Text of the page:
In 1923, Gregory Vance, a widower with two children, is a former scholar who has turned from book-to-bottle. He works, slightly, as a night-watchman and his children, who know him for what ...
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In 1923, Gregory Vance, a widower with two children, is a former scholar who has turned from book-to-bottle. He works, slightly, as a night-watchman and his children, who know him for what he is and what he isn't, are his only admirers. Then, it is discovered that he is the only registered voter in a key precinct and the politicians, from both parties, arrive in droves bearing inducements. What he does about this situation, and the relatives who want to take his children away from him make up the story. Written by
Les Adams <email@example.com>
WHAT MAKES A GREAT PICTURE?...In this case it's a man with a hole in his pants and an empty heart...and two loyal kids who just knew their dad was a great man...and that wonderful, intangible something that makes blood pound faster, brings a lump in the throat, a laugh of gladness, and a precious tear to the eye! Come expecting one of the best pictures you've ever seen! See more »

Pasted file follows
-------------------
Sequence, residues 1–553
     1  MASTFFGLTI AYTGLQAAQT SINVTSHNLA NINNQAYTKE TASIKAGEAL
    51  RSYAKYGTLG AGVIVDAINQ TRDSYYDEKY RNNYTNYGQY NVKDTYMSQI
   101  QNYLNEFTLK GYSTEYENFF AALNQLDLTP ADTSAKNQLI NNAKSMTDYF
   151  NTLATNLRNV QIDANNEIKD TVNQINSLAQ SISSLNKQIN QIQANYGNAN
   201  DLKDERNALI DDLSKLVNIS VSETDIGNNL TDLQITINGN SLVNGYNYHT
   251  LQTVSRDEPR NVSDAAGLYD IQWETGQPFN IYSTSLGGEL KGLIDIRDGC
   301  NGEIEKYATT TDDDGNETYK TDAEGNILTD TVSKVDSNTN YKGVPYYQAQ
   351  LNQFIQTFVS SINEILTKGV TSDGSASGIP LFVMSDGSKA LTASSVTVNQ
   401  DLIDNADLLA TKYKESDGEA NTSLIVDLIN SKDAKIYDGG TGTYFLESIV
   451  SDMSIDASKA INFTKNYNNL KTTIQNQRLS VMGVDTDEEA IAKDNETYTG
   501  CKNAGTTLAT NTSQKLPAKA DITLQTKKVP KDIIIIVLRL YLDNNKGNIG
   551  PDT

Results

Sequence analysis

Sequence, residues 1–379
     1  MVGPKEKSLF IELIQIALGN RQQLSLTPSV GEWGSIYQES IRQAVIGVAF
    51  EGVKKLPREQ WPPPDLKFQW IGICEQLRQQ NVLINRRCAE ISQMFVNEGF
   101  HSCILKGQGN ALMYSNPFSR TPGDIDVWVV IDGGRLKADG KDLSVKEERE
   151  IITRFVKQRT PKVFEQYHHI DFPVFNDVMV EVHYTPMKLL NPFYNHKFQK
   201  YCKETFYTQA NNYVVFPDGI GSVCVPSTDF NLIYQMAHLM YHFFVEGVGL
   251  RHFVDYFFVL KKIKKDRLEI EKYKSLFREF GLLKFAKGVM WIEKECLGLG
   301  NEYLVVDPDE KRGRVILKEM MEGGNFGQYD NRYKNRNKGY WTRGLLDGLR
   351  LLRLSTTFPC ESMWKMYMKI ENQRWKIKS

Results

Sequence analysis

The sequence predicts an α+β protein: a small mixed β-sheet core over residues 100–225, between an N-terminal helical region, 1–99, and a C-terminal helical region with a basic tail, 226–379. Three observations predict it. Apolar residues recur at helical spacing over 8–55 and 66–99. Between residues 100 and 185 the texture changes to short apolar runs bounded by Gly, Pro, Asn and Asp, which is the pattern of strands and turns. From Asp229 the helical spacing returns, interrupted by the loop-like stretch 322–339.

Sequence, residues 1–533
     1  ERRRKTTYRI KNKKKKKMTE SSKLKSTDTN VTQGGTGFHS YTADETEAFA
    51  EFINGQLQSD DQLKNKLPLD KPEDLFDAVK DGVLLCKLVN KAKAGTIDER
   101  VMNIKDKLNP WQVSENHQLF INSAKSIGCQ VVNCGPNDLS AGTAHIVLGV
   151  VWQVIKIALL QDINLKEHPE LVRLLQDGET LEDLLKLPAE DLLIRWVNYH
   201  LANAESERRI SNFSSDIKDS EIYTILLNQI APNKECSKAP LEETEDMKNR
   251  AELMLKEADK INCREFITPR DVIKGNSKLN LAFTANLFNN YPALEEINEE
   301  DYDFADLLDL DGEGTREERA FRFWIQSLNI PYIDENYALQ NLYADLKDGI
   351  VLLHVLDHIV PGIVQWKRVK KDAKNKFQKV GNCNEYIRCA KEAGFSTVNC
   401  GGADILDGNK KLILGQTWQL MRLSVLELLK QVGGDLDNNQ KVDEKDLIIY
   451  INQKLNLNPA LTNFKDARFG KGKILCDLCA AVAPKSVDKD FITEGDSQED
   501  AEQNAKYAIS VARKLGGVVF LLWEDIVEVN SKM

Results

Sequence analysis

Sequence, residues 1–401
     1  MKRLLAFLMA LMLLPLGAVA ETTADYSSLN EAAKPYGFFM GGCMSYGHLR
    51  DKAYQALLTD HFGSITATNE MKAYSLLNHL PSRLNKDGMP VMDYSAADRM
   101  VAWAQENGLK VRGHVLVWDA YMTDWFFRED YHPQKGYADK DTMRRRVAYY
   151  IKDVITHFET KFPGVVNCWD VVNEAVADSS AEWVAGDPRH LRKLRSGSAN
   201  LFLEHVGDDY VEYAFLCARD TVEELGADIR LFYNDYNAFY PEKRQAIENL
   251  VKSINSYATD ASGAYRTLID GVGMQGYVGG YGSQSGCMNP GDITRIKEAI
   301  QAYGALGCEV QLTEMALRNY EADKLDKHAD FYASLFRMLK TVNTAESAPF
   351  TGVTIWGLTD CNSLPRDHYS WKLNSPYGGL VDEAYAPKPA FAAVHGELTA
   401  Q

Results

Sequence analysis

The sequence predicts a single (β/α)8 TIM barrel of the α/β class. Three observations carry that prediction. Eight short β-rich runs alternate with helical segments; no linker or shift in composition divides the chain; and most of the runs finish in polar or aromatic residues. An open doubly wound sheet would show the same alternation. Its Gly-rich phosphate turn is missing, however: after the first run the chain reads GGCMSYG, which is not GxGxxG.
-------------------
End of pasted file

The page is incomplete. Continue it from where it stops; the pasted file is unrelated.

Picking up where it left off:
"Great Man Votes" is simple, unpretentious, thoroughly charming slice of Americana, made for RKO in 1939, expertly directed by Garson Kanin. Its simplistic view of small-town politics in a by-gone era may be outdated by now, but it passes by pleasantly in its short running time.
I wanted to see it because of the legendary John Barrymore, who here gives one of his most honest and satisfying performances as Gregory Vance, an eccentric, once-famous Harvard professor who turned to alcohol after the death of his wife. Vance lives with his two charming kids (Peter Holden and Virginia Wiedler). One day, he has been chosen to cast the deciding vote in the city's mayoral election.
Though it is at first a portrait of community in an idealistic American city set sometime in the 1920s, "Great Man Votes" is mostly a character study. Barrymore excels in his incarnation of Vance. And he does it well while being drunk most of the time. He is at once funny yet sad, innocent yet scrupulous, sardonic yet charming.
This was one of Barrymore's last memorable performances as a leading man and another reminder of what an extraordinary actor he was.
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